Oak Harbor School Board questions lawsuit funding

The Oak Harbor School Board members are questioning whether the district should financially support a lawsuit against the state over public education funding.

The Network for Excellence in Washington Schools, a consortium of 32 school districts that successfully sued the state earlier in the year, wants school districts to make a financial contribution as the case, known as McCleary vs. State, winds its way through the appeals process.

The Network wants the Oak Harbor School District to contribute $1.95 per student, which would equate to approximately $10,000. The school district, however, doesn’t have any obligation to contribute to the legal effort.

“I know this suit will go ahead whether we give them support or not,” Superintendent Rick Schulte said during Tuesday’s school board meeting.

A King County Superior Court judge ruled earlier in the year that the state is failing in its constitutional duty to fully fund public education. Since then the Legislature appropriated nearly $1 million to appeal the ruling to the state Supreme Court.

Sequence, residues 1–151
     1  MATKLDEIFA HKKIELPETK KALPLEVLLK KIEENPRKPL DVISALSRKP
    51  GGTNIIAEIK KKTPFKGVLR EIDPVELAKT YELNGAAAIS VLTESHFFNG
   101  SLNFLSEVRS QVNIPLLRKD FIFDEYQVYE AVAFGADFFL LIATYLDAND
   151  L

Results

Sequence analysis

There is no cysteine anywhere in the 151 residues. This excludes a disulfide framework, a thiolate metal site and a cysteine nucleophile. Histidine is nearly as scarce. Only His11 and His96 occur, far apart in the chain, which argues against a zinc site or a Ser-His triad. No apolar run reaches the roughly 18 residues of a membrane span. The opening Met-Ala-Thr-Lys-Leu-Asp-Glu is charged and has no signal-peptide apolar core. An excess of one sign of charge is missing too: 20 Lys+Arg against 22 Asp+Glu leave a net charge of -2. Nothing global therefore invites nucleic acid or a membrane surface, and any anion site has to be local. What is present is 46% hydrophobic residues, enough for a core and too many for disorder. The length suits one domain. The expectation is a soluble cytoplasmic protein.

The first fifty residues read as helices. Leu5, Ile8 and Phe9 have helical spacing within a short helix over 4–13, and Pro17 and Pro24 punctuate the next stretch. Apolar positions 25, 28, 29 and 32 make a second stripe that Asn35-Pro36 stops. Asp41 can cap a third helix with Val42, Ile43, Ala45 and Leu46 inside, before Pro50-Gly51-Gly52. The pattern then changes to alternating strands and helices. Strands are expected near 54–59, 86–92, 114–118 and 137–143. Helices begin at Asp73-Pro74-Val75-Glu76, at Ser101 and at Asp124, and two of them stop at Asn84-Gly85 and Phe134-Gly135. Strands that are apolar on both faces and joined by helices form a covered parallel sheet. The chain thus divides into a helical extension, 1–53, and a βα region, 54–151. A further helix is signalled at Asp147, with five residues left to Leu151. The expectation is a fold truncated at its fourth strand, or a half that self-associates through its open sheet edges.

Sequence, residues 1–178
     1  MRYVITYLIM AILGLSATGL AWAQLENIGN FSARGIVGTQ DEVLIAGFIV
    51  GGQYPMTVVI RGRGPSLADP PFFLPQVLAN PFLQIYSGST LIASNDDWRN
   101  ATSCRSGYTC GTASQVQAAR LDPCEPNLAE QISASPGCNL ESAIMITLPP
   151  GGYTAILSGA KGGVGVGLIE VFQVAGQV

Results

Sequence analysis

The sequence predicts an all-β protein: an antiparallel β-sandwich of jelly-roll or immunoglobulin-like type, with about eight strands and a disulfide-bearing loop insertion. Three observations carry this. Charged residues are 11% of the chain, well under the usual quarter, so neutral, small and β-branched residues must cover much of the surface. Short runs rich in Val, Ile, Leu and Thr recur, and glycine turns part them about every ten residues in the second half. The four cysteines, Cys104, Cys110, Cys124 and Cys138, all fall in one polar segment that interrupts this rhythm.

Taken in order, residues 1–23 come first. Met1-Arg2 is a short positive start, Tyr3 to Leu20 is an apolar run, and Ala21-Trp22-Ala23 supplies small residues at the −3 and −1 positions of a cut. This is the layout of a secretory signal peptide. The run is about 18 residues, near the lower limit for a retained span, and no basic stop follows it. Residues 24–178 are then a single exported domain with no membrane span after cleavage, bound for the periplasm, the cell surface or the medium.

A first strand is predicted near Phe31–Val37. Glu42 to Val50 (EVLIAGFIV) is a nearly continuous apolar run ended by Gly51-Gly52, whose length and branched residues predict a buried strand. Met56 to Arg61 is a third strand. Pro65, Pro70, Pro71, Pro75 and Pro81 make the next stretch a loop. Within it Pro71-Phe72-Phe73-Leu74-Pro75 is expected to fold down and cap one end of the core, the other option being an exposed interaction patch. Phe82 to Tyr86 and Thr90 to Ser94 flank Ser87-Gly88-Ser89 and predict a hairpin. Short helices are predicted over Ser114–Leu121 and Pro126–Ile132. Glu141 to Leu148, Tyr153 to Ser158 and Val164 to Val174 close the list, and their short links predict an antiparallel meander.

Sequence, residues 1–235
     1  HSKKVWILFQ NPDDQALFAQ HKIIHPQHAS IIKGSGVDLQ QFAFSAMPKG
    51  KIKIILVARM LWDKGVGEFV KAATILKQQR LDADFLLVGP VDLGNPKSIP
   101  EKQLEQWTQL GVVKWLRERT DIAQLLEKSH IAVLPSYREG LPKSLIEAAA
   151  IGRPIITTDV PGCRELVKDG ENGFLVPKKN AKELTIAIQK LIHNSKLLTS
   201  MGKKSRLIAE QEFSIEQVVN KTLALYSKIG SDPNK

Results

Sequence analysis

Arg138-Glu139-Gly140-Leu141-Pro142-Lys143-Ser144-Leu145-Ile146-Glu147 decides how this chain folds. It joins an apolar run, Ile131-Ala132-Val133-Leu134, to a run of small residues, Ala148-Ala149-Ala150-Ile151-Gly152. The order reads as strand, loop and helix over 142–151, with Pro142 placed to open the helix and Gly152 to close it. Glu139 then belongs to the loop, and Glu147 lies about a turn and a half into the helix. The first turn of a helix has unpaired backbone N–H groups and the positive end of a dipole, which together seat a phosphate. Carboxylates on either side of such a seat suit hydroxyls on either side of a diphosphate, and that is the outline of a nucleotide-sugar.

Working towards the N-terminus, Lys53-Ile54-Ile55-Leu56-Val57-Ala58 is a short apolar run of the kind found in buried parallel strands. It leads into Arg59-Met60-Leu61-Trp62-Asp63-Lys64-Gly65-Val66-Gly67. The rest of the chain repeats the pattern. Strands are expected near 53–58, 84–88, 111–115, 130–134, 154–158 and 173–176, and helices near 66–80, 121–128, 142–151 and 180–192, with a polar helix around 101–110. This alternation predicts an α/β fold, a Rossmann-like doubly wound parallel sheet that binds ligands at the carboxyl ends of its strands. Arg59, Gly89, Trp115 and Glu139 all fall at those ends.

Board members were concerned that the money for the lawsuit could be better spent locally and questioned how effective the lawsuit will be.

“I’m not sure what the Network will accomplish even if they win the lawsuit,” school board member Dave McCool said.

The board didn’t make a decision Tuesday night. They postponed it until the June 28 meeting when all school board members can attend.

If the school board approves the support for the lawsuit, then officials may have to make cuts elsewhere.

Schulte suggested that the school board cancel its annual trip to the Washington State School Directors Association conference, which will be held in Spokane this fall. Schulte estimated that trip costs the school district between $5,000 and $6,000.

School board member Peter Hunt suggested that the school board still cancel the trip to the conference, but instead funnel the money back into the district’s general fund.

As for how effective the lawsuit will be, Schulte had mixed feelings. While he appreciated the strong language written in the judge’s decision, it’s tough to predict when and what kind of change will be made.

“Ultimately it’s still the Legislature that has to take action and make a decision,” Schulte said.

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